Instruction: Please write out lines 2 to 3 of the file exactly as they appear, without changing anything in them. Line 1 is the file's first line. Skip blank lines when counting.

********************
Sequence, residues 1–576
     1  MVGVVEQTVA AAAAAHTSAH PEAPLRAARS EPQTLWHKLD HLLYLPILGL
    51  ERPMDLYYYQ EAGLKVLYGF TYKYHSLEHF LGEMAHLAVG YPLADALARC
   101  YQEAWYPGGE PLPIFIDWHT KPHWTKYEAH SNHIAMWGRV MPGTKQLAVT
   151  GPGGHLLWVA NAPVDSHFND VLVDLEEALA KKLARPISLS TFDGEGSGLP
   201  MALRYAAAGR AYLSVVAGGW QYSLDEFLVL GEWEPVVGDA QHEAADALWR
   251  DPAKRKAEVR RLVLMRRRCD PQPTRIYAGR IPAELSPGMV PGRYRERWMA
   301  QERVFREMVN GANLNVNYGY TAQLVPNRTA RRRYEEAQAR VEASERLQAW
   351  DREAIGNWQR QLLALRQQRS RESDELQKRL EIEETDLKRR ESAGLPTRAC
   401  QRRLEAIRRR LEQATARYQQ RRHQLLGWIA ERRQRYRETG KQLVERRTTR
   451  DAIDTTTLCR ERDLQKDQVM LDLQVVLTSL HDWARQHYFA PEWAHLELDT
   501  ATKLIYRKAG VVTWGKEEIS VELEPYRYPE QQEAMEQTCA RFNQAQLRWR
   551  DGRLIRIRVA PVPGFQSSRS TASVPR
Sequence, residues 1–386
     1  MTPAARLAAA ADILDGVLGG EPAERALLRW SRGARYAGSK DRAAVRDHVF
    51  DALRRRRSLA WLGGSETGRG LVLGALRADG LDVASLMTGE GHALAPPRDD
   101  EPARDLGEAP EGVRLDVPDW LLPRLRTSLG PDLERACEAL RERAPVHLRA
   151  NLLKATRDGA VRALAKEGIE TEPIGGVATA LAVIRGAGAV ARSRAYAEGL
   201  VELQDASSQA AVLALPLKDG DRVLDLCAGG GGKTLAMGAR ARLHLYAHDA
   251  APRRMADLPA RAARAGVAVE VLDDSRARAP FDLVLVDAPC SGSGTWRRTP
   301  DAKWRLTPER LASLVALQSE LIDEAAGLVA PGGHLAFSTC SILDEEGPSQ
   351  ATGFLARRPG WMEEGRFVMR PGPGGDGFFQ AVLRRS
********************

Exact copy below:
     1  MVGVVEQTVA AAAAAHTSAH PEAPLRAARS EPQTLWHKLD HLLYLPILGL
    51  ERPMDLYYYQ EAGLKVLYGF TYKYHSLEHF LGEMAHLAVG YPLADALARC